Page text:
In last Wednesday’s “Morning File,” Tim Bousquet walked us through the most recent disappointing passenger counts from the still ongoing, seemingly never-ending bottomless money pit we call the Yarmouth-to-Portland ferry service.
(It’s worth noting that Tim got his numbers from that’s-public-information-you’re-entitled-to-know-so-here-you-go Portland, Maine officials and not from our own who-are-you-and-what-right-do-you-have-to-ask-how-your-tax-dollars-are-being-spent buttoned-up Nova Scotia government bureaucrats. But I digress…)
The point is that the number of passengers taking the ferry so far this season — 32,026 — represents only a marginal uptick over last year’s disappointing numbers, and doesn’t come close to the “very conservative” estimate of 60,000 passengers a year the province itself had estimated the ferry would need to be viable.
During a March 2016 public accounts committee hearing, Tim reminded us, a Tory MLA had asked one provincial bureaucrat whether “there [was] any number where somebody in the department said, ‘this will be too expensive.’”
The answer was… uh, no.
To which Tim responded: “I would argue that (cost-benefit) should be the test for all public economic development projects in Nova Scotia: What price is too much?”
Tim is right, of course, but even a logical answer to that logical question represents only one small — and often inconsequential — part of Nova Scotia’s usually illogical political decision-making calculus.
Let’s travel back in political time to the fall of 2009 when the then-newly elected, still-flush-with-the-promise-it-might-possibly-govern-differently NDP government of Darrell Dexter turned off the ferry subsidy tap.
It was about time. The number of passengers taking the ferry had been in freefall for close to a decade. Head counts had peaked at 165,000 passengers in 2002. By 2009, only 75,000 fare-paying customers willingly paid their fare to sail on the CAT. The then-Tory government, which had subsidized the service to the tune$1.5 million a year in 2006, had been forced to shell out another $6 million just to keep the ferry afloat through 2008.
The vessel’s operators asked the new NDP government for an even bigger subsidy to keep sailing. The Dexter government said no. And the CAT didn’t come back.
It was the right business-case answer but the wrong political-reality response. Cancelling ferry service was politically explosive in southwest Nova Scotia, which believed it needed even declining ferry tourism revenues to survive.
Flash forward to 2012. Dexter’s NDP, its own popularity now also in freefall and desperate to save its political skin, appointed an “expert panel” to study the viability of re-establishing a U.S.-Yarmouth ferry. The experts concluded “a re-established ferry service between Yarmouth and Maine could become commercially viable, but viability hinges on being able to build passenger traffic back at least to the  level.” That level, you’ll recall, was 175,000.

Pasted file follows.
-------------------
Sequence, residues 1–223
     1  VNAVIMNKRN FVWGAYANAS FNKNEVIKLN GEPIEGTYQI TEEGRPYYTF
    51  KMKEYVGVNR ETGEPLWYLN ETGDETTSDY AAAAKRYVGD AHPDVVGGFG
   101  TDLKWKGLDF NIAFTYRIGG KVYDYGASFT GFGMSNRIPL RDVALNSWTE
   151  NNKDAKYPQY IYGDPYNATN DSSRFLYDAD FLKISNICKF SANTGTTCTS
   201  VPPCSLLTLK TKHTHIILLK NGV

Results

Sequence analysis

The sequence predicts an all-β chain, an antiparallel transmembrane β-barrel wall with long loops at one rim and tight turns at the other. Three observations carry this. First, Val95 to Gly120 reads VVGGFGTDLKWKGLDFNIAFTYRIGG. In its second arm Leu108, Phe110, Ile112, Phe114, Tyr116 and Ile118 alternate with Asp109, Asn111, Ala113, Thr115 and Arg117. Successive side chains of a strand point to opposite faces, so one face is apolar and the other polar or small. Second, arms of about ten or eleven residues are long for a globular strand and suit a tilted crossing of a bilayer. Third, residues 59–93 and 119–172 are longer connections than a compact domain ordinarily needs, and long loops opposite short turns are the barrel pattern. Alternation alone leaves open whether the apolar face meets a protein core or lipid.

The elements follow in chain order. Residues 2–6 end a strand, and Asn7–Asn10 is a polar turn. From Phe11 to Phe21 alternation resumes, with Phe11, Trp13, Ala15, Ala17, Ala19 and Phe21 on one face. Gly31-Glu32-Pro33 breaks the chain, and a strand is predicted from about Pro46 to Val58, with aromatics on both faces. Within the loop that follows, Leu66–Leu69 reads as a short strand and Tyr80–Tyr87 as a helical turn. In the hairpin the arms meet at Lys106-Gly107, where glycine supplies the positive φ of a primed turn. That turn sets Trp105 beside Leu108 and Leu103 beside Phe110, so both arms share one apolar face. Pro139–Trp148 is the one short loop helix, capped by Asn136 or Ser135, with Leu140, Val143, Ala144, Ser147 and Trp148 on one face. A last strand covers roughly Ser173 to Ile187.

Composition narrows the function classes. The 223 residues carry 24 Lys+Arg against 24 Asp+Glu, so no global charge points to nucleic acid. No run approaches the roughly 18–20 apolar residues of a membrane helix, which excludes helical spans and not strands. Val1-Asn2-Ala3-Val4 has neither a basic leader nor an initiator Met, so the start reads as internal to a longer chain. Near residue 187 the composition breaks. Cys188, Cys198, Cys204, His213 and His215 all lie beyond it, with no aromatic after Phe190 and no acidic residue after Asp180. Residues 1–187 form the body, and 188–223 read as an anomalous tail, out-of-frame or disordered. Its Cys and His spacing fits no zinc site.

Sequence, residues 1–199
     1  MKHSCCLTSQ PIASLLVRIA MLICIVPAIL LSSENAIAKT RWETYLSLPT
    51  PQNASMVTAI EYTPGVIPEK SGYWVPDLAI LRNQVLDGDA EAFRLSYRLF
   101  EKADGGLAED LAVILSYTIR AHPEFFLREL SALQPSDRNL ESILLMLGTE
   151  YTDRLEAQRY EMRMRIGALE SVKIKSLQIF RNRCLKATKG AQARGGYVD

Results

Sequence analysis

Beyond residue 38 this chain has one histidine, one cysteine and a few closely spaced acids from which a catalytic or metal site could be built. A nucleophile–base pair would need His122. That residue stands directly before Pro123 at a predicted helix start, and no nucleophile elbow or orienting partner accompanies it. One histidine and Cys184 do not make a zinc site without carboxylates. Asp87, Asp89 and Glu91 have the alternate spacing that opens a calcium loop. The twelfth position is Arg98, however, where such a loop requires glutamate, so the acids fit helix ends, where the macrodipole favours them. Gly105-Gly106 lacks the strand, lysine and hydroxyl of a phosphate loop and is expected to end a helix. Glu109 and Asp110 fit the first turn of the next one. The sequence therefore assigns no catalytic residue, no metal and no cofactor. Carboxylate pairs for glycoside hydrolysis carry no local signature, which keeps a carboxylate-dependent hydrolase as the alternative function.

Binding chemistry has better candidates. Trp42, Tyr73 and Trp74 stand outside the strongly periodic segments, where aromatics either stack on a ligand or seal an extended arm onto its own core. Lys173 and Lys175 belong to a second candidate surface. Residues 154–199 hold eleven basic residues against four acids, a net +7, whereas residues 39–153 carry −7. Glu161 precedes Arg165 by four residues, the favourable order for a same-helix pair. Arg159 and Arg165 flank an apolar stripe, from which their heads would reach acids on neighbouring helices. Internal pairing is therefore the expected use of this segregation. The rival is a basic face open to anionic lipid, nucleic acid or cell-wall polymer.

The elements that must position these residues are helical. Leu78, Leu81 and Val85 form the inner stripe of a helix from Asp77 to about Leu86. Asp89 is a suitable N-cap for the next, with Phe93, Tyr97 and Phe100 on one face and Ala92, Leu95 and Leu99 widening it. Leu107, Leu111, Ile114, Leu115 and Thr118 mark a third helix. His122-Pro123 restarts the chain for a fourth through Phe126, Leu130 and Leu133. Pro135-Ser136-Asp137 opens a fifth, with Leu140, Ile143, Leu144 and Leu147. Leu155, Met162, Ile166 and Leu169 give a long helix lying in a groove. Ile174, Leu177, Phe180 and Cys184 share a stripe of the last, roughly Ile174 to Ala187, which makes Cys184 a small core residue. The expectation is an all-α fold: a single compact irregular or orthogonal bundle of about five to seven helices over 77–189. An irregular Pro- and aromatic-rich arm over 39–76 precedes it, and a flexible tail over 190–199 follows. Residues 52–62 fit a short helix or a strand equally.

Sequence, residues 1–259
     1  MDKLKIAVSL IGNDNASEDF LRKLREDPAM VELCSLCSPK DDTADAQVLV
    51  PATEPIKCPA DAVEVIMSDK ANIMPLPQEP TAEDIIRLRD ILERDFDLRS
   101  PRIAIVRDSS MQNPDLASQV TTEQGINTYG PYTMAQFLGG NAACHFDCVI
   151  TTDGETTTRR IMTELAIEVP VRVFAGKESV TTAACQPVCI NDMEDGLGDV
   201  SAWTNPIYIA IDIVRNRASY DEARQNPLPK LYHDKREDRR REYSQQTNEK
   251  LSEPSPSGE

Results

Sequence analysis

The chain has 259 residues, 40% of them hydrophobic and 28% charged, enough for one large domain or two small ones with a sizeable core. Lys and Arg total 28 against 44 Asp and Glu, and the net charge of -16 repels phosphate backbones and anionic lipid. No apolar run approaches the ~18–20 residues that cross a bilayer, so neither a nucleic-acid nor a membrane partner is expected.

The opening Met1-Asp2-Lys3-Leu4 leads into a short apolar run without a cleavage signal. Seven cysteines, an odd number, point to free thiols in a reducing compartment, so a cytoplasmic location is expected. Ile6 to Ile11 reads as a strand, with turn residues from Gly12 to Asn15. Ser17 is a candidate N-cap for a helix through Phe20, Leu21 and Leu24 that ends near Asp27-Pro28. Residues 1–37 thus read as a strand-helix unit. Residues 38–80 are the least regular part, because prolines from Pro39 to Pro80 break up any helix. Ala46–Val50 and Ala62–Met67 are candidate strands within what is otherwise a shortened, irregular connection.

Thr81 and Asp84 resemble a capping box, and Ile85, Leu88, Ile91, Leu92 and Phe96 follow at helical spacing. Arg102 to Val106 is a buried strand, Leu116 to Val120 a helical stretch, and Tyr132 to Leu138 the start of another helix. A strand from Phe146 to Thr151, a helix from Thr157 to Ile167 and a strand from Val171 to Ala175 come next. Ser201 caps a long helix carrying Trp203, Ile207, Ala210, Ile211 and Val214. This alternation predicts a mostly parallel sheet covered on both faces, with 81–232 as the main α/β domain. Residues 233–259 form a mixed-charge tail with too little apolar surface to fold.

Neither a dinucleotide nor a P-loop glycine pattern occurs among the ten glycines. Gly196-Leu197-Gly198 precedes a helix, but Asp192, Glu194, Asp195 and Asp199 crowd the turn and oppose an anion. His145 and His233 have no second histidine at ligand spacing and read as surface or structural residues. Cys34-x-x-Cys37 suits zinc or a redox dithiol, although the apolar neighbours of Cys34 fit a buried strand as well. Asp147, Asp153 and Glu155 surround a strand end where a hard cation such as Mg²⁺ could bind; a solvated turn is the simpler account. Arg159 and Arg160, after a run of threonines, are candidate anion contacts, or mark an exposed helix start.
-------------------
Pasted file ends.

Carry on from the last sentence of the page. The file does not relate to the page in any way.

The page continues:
The NDP bulled past that rather significant caveat and struck a broad-strokes pre-election deal with Nova Star Ferries to resume the service in 2014. Its hail Mary didn’t help. The party was crushed in the 2013 election, including seeing its support pancake in southwestern Nova Scotia.
Which gave Stephen McNeil’s new Liberal government the opportunity for a fresh, cost-benefit-analysis start.
Did it take the opportunity? No. Instead, it quickly translated the NDP’s agreement in principle into an actual contract with Nova Star. Even so, the government acknowledged it would have to shell out $21 million over the next seven years before the service could break even.
But then the company ploughed through all $21 million — and more— in just its first season.
It is to laugh. It is to cry.
So… Did the Liberals then finally ask themselves, how much is too much?
Not a chance.
After a second even worse season of pouring cash into the ocean, the government gave up on Nova Star — but not on the political benefits of the ferry service — and plunged into another deal with yet another operator, this time promising Bay Ferries an ongoing, open-ended subsidy that could reach $100 million over the life of its 10-year contract. With no reasonable expectation the service will ever come close to breaking even.
“What price is too much?” Tim asks.
The answer, unfortunately, won’t be found in any rational economic cost-benefit analysis.
It will be found where it has always been found in Nova Scotia politics — in the political vote calculation.
And that’s ultimately on us.